Hosni Mubarak, the former Egyptian dictator toppled by the 2011 popular protests against his autocratic rule, has been released from prison and has been taken away in a helicopter, according to a security source.
Details are scarce, but Agence France Presse is reporting that he is en route to a military hospital.
Egyptian officials say the decision by a Cairo court Wednesday to free Mr. Mubarak is a purely judicial matter. But some experts see it as a sign that the country’s revolution is being rolled back. While the military-backed interim government stepped in to say the 85-year-old former president would remain under guard, deep concerns remain that Mr. Mubarak’s hallmark authoritarian ways are back.
Mr. Mubarak’s fate has suddenly become a potent symbol in Egypt’s turbulent politics. After the military ousted elected president Mohammed Morsi in early July and launched a violent crackdown on his Muslim brotherhood supporters, the prospect of Mr. Mubarak’s release after two years symbolized to some a return to the past. It threatens to further divide a country in turmoil.
Egypt’s ambassador to Canada, Wael Aboulmagd, said his country still cheers Mr. Mubarak’s removal from power, but that the judiciary is handling the charges against him. Egypt’s generals, he said, will not cling to power.
Mr. Aboulmagd, who was posted as Egypt’s ambassador to Canada during Mr. Mubarak’s rule and remained through three changes of government, insisted that the prospect of Mr. Mubarak’s release – and Wednesday’s court order – did not suggest the country is turning its back on the days when Egyptians celebrated Mr. Mubarak’s ouster.
“Removal from power is one thing, and that’s what we cheer,” he said. “Accusations levied against any individual, no matter what I or anyone else thinks of their guilt or innocence is another matter. In this case I can only, and everyone should only, have full trust in the judicial system.”
He added: “I think the timing is a coincidence.”
But the Mubarak case has raised questions about the military’s intentions. Robert Springborg, an Egypt expert at the U.S. Naval Postgraduate School, said that no matter how the interim government deals with Mr. Mubarak’s release, a military-authoritarian counter-revolution “is in full force.”
Mr. Mubarak still faces murder and corruption charges. But his release, human-rights lawyer Nasser Amin warned, “will be used by Islamists as proof of the return of the old regime.”
The Tamarod youth movement, which mounted the Cairo protests that led to Mr. Morsi’s ouster, called on the interim government to use emergency powers to keep Mr. Mubarak in jail. Late Wednesday, the interim government responded – but not exactly in the way the movement wanted.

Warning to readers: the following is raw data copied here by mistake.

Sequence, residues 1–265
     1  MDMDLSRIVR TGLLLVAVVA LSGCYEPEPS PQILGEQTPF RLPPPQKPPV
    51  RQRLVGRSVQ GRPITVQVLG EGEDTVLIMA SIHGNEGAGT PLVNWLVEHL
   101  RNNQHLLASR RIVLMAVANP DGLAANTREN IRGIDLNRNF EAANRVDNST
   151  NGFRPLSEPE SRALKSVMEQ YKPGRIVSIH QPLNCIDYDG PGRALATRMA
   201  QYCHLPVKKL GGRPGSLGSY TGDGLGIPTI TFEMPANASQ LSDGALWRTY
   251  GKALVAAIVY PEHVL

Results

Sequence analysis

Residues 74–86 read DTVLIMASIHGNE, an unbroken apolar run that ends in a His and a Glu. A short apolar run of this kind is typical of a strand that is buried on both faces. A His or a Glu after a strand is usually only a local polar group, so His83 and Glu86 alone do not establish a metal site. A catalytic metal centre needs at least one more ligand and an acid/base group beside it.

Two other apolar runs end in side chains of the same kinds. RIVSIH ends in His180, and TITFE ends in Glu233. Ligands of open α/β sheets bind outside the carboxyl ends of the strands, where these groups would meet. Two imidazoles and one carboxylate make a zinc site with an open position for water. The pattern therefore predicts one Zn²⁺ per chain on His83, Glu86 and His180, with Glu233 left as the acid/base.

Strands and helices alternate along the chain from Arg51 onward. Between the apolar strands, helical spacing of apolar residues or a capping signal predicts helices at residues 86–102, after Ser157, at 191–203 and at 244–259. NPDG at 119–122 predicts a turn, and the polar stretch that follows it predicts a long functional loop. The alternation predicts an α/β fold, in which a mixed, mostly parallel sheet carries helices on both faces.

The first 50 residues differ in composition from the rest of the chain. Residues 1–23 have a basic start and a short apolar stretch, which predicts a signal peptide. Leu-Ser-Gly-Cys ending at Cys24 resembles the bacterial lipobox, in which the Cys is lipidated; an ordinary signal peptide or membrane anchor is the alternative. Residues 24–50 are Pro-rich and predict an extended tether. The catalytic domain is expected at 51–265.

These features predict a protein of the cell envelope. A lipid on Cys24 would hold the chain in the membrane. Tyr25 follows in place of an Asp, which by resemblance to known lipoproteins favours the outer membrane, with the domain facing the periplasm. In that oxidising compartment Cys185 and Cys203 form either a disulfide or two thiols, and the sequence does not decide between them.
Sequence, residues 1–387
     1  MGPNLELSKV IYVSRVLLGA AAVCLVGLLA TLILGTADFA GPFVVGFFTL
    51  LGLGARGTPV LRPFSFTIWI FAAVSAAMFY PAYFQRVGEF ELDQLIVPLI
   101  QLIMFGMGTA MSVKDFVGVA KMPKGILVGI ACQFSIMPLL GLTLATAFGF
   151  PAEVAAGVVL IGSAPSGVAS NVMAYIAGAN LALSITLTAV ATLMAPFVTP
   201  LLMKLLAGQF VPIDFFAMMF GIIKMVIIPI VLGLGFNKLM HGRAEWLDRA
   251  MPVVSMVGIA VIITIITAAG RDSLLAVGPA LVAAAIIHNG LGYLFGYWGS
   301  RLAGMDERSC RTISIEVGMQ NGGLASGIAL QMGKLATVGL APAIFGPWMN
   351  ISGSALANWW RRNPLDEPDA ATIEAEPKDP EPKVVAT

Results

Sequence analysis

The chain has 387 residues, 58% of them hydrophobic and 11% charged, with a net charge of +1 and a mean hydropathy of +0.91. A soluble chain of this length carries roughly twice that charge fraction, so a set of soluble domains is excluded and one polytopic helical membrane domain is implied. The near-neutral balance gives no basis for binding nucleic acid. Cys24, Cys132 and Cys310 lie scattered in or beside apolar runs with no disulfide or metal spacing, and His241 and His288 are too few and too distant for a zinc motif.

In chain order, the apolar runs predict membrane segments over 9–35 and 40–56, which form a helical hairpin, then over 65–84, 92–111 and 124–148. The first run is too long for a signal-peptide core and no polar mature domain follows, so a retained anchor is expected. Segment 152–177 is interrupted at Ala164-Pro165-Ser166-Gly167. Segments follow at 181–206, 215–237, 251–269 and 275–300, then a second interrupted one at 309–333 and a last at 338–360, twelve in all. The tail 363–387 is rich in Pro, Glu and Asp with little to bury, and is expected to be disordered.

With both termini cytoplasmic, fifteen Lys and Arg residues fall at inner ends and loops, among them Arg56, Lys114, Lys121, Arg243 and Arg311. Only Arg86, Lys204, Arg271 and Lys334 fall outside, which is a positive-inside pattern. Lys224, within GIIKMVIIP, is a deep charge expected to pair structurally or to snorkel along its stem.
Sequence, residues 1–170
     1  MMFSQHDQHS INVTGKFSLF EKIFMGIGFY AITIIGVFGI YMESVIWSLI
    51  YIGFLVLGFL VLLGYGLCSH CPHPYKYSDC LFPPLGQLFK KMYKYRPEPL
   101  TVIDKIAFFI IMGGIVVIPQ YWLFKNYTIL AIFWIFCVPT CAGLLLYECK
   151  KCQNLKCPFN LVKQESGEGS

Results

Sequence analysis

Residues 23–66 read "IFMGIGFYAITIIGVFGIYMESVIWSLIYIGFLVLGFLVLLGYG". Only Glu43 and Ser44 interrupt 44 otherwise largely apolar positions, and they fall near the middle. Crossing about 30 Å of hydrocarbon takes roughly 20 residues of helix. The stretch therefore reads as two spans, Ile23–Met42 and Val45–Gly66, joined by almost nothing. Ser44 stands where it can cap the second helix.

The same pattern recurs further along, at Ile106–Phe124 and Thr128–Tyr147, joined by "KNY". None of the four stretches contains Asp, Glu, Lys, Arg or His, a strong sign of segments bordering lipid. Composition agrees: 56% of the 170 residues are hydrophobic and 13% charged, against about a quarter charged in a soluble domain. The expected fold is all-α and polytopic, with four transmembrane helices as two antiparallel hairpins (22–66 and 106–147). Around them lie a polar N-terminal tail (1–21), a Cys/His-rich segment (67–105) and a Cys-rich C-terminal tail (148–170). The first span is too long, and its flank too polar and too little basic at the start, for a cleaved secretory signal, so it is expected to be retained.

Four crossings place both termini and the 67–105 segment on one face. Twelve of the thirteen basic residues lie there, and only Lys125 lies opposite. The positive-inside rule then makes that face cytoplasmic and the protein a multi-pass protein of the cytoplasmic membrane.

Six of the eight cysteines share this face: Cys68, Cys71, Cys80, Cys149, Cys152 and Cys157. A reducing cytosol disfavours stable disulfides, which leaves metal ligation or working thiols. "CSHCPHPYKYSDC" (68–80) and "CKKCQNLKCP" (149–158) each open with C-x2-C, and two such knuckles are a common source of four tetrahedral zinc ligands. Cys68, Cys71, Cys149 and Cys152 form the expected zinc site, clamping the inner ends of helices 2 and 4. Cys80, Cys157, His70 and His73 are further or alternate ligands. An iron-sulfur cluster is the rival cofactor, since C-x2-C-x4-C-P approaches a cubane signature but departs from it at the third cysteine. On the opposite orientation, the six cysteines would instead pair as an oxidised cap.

“In the framework of the emergency law, the deputy military ruler ordered Mubarak to be placed under house arrest,” a cabinet statement said.
The court’s ruling on Mr. Mubarak was awkward for the generals, said Mr. Springbord. It risked lending credence to the suggestion they were in cahoots all along with remnants of the old regime. It’s more likely, he said, that some military officers would view the release of Mr. Mubarak as honouring a 2011 deal – made during the massive protests in Tahrir Square while he was still clinging to power – that he step down from power, but be protected.
But it’s the regime’s current nature, and its future, that has made Western countries worry. They have been uneasy at the military ouster of Mr. Morsi and the violent crackdown on Muslim Brotherhood protesters last week. Public opinion has been darkened by incidents like the arrest of two Canadians, doctor Tarek Loubani and filmmaker John Greyson, who remain in prison for up to 15 days while Ottawa argues they were simply in “the wrong place at the wrong time.”
The European Union reviewed its $5-billion financial aid to Egypt at a meeting Wednesday, but avoided a decision on whether to cut it off. The U.S. has suggested it might cut military aid, but has not acted. But Saudi Arabia has vowed to make up for any cut in European or U.S. aid – and Mr. Springborg said he believes the Egyptian government is calculating that what the world will want is stability, and their criticisms will blow over.
“The counter-revolution is in full force, backed by the Saudis,” he said. “These forces are lining up to establish a new and improved form of military rule – younger, more dynamic, better at public relations, with better quality civilians leading the civilian face of government. But in reality, it’s a return to authoritarian-military government.”
Mr. Aboulmagd, however, argues that there has been a one-sided reaction to the violence in some places outside Egypt.
“Starting this past Friday, the amount of violence by what are supposedly protesters went far and beyond anything that anybody can consider peaceful,” he said. “We’re seriously concerned at what appears to be, in some circles outside of Egypt, some kind of moral equivalence between police that are dealing with these attacks and people, supposedly protesters, that are taking it beyond protesting.”
He insisted that the new interim government has every intention of yielding power, and sticking to a “road map” that will see parliamentary and presidential elections with months, after the constitution is amended by political parties, including Islamists.
“Everyone is committed to it. Not only that, everyone is invited to it – provided of course, there not involved in actual crimes or violence” he said. “It’s not a welcoming of the return to military dictatorship. There is a road map.”